In the Media

Mayor Bloomberg Vetoes NYPD Oversight Bills

Staten Island Advance

Mayor Michael Bloomberg has vetoed both components of the Community Safety Act, which would establish an Inspector General for the NYPD and tighten racial profiling laws.

The mayor has long been opposed to the legislation and said he would veto the two bills after they passed at a late-night Council meeting last month. The act is comprised of two bills -- one relating to the Inspector General, which passed overwhelmingly, and one on racial profiling, which passed with exactly enough votes to override a mayoral veto.

Bloomberg vetoes NYC anti-stop-and-frisk bills

New York Daily News

Two politically charged New York City bills to rein in the NYPD’s use of controversial stop-and-frisk tactics were vetoed Tuesday by Mayor Michael Bloomberg.
He slammed both bills — one to create an NYPD inspector general and another to allow people to sue over racial profiling by cops — as a boon to criminals and terrorists.

The “dangerous and irresponsible” measures “would make New Yorkers less safe,” he wrote in his veto message.

NYC mayor affirms right to influence City Council

Associated Press

NEW YORK (AP) — New York's billionaire mayor said Monday he has the right to use some of his personal fortune to garner support from City Council members on police reform bills he plans to veto.

The two bills passed by the City Council last week create an inspector general for the New York Police Department and make it easier for people who believe they have been racially profiled to sue the city. Bloomberg spent weeks first trying to prevent the passage of the bills, and is now trying to veto the legislation.

NYC mayor says police stop minorities ‘too little’ vs. suspect descriptions; critics lash out

Associated Press

NEW YORK — Mayor Michael Bloomberg said Friday that police “disproportionately stop whites too much and minorities too little” as compared to murder suspects’ descriptions, sparking criticism from activists and some politicians in a city that has been immersed in a debate about law enforcement and discrimination.

An End to Stop-and-Frisk?

There’s something wrong when the number of young black men stopped by police in New York City exceeds the number of young black men actually living in the city
The Nation

In 2011 the number of young black men stopped by police in New York City exceeded the number of young black men actually living in the city. The vast majority of them had committed no crime.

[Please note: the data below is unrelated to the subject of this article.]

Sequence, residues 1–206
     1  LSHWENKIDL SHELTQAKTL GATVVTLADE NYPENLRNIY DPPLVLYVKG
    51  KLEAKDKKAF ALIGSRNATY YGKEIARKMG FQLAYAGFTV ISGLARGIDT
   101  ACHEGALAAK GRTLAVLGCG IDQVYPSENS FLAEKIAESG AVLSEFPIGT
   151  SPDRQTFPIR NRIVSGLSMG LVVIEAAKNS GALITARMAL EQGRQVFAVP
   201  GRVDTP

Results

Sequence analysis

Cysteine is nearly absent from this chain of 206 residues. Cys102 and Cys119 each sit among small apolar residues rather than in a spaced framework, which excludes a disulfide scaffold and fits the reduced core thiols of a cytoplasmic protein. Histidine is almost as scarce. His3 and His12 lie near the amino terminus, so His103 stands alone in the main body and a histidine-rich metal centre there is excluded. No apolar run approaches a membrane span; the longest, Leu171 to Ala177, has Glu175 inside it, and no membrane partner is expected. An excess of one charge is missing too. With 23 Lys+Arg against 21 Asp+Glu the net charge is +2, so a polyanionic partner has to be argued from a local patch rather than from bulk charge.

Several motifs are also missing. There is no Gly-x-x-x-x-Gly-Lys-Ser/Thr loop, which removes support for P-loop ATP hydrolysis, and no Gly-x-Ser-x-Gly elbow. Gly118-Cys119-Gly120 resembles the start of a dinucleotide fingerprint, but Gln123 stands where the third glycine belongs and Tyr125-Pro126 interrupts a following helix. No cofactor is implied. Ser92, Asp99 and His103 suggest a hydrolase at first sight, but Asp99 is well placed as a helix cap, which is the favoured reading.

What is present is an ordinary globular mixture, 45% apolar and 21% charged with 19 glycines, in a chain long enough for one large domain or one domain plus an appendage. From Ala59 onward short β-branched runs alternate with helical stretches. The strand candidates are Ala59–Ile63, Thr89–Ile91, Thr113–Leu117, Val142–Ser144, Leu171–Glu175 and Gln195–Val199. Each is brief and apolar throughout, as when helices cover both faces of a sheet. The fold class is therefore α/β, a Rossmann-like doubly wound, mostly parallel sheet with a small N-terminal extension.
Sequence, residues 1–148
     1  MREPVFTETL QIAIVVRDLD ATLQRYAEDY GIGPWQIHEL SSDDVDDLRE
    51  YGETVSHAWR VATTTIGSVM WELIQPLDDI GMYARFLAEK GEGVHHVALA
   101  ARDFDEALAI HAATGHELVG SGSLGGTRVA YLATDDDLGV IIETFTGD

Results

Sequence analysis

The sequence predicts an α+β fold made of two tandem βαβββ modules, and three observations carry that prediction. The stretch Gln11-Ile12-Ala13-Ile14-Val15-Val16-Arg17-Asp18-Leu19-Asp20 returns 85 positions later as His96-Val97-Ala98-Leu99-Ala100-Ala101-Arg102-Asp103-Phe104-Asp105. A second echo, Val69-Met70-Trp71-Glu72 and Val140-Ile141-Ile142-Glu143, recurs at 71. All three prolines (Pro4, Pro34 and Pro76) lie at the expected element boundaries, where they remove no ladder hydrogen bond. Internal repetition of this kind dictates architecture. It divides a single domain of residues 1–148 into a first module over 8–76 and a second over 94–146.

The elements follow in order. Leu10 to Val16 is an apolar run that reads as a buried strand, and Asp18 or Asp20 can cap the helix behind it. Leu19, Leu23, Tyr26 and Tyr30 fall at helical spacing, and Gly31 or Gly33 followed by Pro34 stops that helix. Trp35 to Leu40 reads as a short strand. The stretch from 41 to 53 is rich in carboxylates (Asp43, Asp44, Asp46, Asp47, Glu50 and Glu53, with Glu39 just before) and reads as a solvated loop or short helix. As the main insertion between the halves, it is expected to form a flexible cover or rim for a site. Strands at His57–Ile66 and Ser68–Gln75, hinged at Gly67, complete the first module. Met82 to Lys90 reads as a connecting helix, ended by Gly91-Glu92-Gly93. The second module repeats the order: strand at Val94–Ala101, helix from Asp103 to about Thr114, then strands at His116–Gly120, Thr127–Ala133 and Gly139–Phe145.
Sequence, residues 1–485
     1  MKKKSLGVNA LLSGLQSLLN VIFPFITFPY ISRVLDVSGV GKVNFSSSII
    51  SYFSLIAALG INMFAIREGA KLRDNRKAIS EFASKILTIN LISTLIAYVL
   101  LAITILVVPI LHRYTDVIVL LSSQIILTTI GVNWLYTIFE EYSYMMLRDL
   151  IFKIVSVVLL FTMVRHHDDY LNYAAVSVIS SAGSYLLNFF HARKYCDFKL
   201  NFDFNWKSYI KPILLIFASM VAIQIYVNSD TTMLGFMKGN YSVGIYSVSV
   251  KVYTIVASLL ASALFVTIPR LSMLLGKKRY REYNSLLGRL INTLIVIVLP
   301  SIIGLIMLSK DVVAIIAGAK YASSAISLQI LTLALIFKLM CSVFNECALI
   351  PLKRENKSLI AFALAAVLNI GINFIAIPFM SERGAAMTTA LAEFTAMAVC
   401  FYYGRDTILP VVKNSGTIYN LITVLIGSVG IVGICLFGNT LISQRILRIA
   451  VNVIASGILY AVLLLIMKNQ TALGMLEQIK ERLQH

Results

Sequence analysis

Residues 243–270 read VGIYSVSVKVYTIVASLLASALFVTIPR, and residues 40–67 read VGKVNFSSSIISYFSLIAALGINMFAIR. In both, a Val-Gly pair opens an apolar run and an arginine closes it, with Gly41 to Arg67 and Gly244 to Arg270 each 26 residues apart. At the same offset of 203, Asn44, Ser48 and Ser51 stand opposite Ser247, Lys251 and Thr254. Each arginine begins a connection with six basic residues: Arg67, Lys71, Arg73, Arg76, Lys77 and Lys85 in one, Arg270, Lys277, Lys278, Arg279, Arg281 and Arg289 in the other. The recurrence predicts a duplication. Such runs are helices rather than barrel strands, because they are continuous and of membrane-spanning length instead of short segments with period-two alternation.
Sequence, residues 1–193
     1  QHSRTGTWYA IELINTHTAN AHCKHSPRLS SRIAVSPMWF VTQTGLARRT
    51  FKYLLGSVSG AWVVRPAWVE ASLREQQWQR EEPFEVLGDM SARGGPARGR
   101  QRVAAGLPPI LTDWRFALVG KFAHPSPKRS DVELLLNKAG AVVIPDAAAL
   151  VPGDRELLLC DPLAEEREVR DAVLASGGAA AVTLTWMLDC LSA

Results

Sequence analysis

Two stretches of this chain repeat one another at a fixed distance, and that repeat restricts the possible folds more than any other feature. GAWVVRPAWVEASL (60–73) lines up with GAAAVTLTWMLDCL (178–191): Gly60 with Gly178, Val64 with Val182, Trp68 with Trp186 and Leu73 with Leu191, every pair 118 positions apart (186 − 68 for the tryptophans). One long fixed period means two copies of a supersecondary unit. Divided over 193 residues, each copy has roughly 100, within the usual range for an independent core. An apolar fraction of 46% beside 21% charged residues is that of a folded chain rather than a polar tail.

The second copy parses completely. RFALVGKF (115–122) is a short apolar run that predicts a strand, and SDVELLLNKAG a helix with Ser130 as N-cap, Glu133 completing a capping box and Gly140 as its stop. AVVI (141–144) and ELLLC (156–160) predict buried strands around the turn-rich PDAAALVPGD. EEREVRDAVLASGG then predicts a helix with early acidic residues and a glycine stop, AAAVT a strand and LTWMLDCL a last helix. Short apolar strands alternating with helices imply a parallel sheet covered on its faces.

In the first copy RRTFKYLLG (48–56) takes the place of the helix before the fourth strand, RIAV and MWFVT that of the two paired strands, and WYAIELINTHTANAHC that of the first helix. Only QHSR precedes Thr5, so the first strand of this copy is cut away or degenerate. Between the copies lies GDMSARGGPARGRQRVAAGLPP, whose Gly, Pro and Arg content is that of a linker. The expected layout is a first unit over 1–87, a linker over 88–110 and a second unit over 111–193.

Members of communities of color in New York City are also statistically more likely to be searched when stopped by the police, and more likely to be subjected to use of force than their white neighbors. This despite the fact that white people, when stopped, are twice as likely to be carrying a weapon.

Bloomberg Administration Sounds the Alarm Over NYPD Reform Bills

The New York Observer

Mayor Michael Bloomberg and Police Commissioner Ray Kelly threatened in their starkest terms to date today that two police reform bills headed for passage will compromise public safety–enabling terrorists, criminals and gang members–but refused to place the blame on the City Council speaker, who is allowing the bills to go to vote.

Poll finds New Yorkers want a watchdog for the NYPD

A Quinnipiac University poll found 68% of voters support the creation of an inspector general for the NYPD, an idea that has gotten backing from Democratic mayoral candidates but has been opposed by Mayor Bloomberg and Police Commissioner Raymond Kelly.
The Daily News

New Yorkers overwhelmingly want an independent inspector general to watch over the NYPD — and surveillance cameras to watch over New Yorkers, a new poll finds.

The poll from Quinnipiac University found 68% of voters support the creation of an inspector general — an idea supported by most Democratic mayoral hopefuls but vigorously opposed by Mayor Bloomberg and Police Commissioner Raymond Kelly, who say it would imperil public safety.

The same poll found 82% of voters want to see more surveillance cameras.